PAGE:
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Human(e) Thought Leadership: How to Be the Change for the Common Good Through Self-Mastery

Human(e) Thought Leadership: How to Be the Change for the Common Good Through Self-Mastery

A single person can make a difference in the world, but they can't do it alone without a community of 'thoughtful' leaders.

One morning, I had a flash of insight: I know how to be the change that I want to see in the world! I realized I’ve been developing and sharing these strategies for the common good for quite some time. Transformative change at the personal growth level requires patient, focused, and dedicated practice. Evolutionary social change, on the other hand, takes more substantial and organized practices than a single person can manage on their own.

What’s missing from potentiating this change I envision is you — meaning, the work we can do collectively to make the common good more humane, more accepting, and more understanding. This is not about the acceptance of identity labels, but rather, the acceptance of universal human dignity.

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I Envision a World that Respects All Humanity

To lead yourself from such a noble place — as if that place already existed — you will need to practice and embody values, principles, and beliefs that support universal human dignity.

However, I’m not suggesting a belief in a spiritual entity, following a religion, or a set of commandments. Instead, this is the personal responsibility of cultivating a loving, equitable, and harmonious humanity that — I believe — is both an individual and collective human responsibility. This is our ultimate, equitable endeavour.

For some time, I have been calling this path, The Way of Human-Heartedness — inspired by my study of over 10 translations of the Tao Te Ching. This ancient text is a non-dogmatic and non-religious way how to live mindfully with integrity and harmonizing with the natural order of things — without artificial and oppressive rules, or selfish desires for possessions, recognition, or power.

Human-Heartedness is a conscious practice, grounded in personal responsibility.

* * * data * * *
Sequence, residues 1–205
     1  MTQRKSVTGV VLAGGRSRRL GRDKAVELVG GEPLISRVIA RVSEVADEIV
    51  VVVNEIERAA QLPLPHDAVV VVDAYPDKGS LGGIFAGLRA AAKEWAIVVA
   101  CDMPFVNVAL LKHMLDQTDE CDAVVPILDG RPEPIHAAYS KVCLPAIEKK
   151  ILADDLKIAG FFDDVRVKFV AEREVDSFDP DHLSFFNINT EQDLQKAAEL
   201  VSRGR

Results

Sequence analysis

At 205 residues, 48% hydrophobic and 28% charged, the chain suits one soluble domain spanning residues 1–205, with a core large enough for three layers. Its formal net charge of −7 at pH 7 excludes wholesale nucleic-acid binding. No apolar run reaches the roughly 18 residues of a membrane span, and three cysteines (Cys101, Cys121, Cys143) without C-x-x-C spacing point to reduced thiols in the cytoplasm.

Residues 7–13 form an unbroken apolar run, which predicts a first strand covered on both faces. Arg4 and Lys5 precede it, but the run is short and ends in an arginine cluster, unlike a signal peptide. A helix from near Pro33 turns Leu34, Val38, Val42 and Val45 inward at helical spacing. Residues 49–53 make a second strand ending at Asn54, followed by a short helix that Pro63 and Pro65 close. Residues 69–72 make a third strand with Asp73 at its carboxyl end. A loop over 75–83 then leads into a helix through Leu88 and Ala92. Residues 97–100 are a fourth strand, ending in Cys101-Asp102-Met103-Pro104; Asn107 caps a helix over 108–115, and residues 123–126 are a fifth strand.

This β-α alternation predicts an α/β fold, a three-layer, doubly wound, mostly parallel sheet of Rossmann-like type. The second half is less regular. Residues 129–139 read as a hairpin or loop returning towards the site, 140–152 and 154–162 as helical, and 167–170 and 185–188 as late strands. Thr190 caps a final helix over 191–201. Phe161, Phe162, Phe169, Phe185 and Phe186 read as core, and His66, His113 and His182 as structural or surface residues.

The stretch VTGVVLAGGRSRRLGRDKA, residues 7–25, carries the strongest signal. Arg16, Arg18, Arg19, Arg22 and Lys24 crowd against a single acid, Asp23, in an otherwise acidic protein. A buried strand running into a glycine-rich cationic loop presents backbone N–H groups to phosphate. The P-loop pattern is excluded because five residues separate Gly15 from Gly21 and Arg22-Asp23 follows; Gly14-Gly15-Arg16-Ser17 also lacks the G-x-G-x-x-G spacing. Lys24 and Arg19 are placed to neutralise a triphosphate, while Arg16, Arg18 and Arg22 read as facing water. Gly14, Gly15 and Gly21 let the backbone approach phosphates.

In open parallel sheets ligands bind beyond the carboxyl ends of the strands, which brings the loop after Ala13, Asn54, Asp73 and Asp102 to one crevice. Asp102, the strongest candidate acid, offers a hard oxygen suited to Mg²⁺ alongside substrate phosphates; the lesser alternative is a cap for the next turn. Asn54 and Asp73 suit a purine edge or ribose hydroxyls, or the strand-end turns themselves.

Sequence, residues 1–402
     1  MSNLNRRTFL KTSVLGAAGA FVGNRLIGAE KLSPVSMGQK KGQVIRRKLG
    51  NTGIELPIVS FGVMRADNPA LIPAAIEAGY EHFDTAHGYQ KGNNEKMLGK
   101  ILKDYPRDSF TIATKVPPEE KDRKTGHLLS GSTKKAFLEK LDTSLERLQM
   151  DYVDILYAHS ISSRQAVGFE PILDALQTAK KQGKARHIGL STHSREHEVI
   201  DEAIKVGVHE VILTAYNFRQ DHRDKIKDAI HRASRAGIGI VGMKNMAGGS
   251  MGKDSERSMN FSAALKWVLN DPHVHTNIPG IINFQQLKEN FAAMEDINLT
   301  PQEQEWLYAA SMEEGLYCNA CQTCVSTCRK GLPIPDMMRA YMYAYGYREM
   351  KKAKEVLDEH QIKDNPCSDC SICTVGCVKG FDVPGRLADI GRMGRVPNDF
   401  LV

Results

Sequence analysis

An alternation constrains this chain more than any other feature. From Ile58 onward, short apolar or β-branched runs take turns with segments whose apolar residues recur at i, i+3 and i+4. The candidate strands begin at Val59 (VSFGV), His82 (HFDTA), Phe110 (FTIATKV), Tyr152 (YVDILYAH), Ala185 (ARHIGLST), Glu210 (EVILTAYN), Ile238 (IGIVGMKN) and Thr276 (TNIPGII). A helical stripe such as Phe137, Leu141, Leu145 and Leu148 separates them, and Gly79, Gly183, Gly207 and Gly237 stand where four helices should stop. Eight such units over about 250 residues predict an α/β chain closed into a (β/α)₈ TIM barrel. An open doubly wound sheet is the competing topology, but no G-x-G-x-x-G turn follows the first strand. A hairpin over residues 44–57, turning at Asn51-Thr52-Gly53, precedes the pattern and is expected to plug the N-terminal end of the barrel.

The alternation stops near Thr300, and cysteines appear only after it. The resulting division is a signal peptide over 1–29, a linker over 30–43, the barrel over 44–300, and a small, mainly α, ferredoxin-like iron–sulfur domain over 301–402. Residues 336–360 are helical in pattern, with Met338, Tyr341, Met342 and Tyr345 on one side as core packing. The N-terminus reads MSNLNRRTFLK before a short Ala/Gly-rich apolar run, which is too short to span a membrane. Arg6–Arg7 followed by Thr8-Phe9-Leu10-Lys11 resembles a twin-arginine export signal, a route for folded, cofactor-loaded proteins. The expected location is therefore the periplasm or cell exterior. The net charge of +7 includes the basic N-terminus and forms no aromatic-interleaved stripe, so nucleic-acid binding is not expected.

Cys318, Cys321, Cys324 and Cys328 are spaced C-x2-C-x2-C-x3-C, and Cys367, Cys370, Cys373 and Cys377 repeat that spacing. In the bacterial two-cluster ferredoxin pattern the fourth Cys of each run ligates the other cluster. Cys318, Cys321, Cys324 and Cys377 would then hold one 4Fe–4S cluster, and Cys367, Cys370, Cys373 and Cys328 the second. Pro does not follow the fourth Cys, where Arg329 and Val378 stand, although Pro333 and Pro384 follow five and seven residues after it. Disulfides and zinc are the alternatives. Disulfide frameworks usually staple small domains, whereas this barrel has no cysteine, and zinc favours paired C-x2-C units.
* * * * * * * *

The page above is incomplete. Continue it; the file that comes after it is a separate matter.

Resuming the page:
The practice of Human-Heartedness thoughtfully builds bridges that foster community and connection. Human-Heartedness prejudices no one and accepts every person wherever they stand in life, with the knowledge that we all come from the same source — nature. Our human nature is what connects us all.

The Way of Human-Heartedness is like a river that flows into the ocean. If we pollute the river with toxic chemicals — like blame, shame, division, inequity, prejudice, intolerance, racism, and hatred — the river will end up polluting the rest of the world. Multiple rivers feed into lakes and, eventually, the oceans.

“Higher good is like water:
the good in water benefits all,
and does so without contention.
It rests where people dislike to be,
so it is close to the Way.

— Verse 8, “The Essential Tao: An Initiation into the Heart of Taoism Through the Authentic Tao Te Ching and the Inner Teachings of Chuang-tzu.” Thomas Cleary.

Just as we can take a proactive approach to reduce and eliminate harmful environmental chemicals and waste that irrevocably harms the planet, we can also take active steps to remove the toxicity that plagues our hearts and minds. The result for our collective well-being is greater happiness, peace of mind, and personal freedom. Your personal transformation will positively impact others — like fresh river waters returning to the ocean and cleansing the source.

If You Don’t Have a Clear and Compelling Purpose, How Will Know What Direction to Take in Life?

“A journey of a thousand miles
Begins beneath the feet”

— Verse 64, “Tao Te Ching: Annotated & Explained.” Derick Lin.